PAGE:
Help support the efforts of Disney production coordinators, production managers and production supervisors to join IATSE Local 839 by signing the petition:
This is a wonderful example of advanced Cinema 4D character rigging by Clement Vaucelle of Wipix, which uses xpresso and custom coding (the "secret sauce" of character animation):
This is a great tutorial on the memory delay effect, which can tweaked for use in controlling an IK Spline:
In March of 2017 I posted about Bill Melendez, an animator who ran the company responsible for producing, among many other things, the holiday classic "A Charlie Brown Christmas." Melendez was a key player in the Disney animation strike of 1941, which eventually led to the creation of cartoonists union Local 839 IATSE.
So it's heartening to see a new generation of voices rallying behind the creation of a VFX union. VFX animators often work in incredibly stressed environments filled with impossible deadlines and last minute changes, things easily addressed with the establishment of ground rules limiting work hours and studio second-guessing of effects shots. The following articles make for great reads:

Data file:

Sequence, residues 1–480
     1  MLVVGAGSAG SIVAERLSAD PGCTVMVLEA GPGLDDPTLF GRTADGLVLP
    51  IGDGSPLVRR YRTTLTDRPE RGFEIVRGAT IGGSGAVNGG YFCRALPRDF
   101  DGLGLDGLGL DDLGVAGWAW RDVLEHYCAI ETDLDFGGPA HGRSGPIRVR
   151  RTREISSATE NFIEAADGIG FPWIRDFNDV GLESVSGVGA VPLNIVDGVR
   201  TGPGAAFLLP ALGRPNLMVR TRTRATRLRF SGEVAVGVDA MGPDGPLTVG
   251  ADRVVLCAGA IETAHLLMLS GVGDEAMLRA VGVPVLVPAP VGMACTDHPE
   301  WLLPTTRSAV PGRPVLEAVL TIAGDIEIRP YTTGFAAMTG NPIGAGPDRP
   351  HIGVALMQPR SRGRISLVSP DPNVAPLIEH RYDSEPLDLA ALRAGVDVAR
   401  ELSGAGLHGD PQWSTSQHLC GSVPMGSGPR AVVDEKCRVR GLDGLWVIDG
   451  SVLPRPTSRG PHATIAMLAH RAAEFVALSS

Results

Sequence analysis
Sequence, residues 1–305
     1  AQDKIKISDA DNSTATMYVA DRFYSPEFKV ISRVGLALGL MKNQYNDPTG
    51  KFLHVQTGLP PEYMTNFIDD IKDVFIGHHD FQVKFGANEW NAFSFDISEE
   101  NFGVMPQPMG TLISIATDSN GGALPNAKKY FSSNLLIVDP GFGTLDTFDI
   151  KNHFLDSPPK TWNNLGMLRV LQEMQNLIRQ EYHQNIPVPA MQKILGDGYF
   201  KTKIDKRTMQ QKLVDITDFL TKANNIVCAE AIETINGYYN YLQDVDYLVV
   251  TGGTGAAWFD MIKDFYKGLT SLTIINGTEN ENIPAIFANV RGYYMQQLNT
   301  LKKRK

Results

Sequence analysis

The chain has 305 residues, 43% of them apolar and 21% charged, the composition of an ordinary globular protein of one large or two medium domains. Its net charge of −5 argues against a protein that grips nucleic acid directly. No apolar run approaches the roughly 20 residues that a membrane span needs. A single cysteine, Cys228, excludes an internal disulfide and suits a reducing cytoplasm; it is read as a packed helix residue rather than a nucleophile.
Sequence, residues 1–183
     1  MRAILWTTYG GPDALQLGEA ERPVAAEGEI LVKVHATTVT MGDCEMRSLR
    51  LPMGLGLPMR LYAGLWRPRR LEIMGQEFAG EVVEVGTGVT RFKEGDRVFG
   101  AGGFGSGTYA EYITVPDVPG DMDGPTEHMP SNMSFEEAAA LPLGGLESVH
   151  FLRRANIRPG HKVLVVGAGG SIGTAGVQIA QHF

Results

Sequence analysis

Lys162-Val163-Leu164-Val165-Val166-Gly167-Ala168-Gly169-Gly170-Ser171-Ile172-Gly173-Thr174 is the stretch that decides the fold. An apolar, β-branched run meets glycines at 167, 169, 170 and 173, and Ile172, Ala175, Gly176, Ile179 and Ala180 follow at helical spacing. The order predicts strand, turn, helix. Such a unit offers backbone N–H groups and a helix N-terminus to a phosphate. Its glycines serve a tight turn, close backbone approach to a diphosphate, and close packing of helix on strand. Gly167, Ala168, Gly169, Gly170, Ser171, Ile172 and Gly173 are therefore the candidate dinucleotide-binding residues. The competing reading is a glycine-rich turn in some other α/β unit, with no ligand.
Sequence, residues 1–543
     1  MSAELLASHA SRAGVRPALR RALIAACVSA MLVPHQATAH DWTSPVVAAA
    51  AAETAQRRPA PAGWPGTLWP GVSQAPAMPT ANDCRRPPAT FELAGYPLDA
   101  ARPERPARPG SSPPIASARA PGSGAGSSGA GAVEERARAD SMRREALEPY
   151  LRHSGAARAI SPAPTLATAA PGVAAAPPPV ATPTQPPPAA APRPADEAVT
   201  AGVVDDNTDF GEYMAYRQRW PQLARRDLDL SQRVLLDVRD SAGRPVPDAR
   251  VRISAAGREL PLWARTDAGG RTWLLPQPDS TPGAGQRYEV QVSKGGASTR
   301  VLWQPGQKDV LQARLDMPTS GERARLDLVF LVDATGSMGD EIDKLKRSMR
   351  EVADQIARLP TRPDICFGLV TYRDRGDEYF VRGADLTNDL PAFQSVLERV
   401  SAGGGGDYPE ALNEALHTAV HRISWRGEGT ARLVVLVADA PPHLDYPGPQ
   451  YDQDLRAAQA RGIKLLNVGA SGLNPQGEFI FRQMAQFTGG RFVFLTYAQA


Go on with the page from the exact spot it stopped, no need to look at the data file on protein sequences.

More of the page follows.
Dreamworks, maker of the "Puss in Boots" films, is releasing its MoonRay renderer as open source later this year, according to this article in The Hollywood Reporter:
Special thanks to Audrey Wong, Principal Technical Artist, Pixar Animation Studios, for providing this link to a technical paper authored by Theodore Kim, Fernando de Goes, and Hayley Iben, describing technologies used to create Hank the octopus in "Finding Dory." Some of these technologies were later incorporated into SideFX's Houdini software and Vellum. Unlike Cinema 4D, which uses quadrangles and N-gons, Houdini employs tetrahedrons to create meshes.
The arms have been welded on. A tedious task, since it involves vertices on all eight arms, but no more tedious than dealing with suckers.
The first rigged arm was cloned in mograph. Using Current State to Object, seven duplicates were made. Each "shoulder" has ten vertices that match the ten vertices at the end of each arm, so welding the points together should go relatively smoothly. Suckers crossed.
I'm correcting and tweaking the mesh prior to rigging. Here I've placed the head and shoulders portion in a cloth surface to give the model thickness. From there I used the Fit Circle command to make eight individual circular edges so I can connect the tentacles to what is now the body. And for those who got this far in the post and are thinking about lunch or dinner choices, I recommend the Margherita pie at Joe's Pizza in Santa Monica and West Hollywood. It has a sweet flavor and is arguably the best pizza in Los Angeles. Just saying.
Mostly, he writes for a living.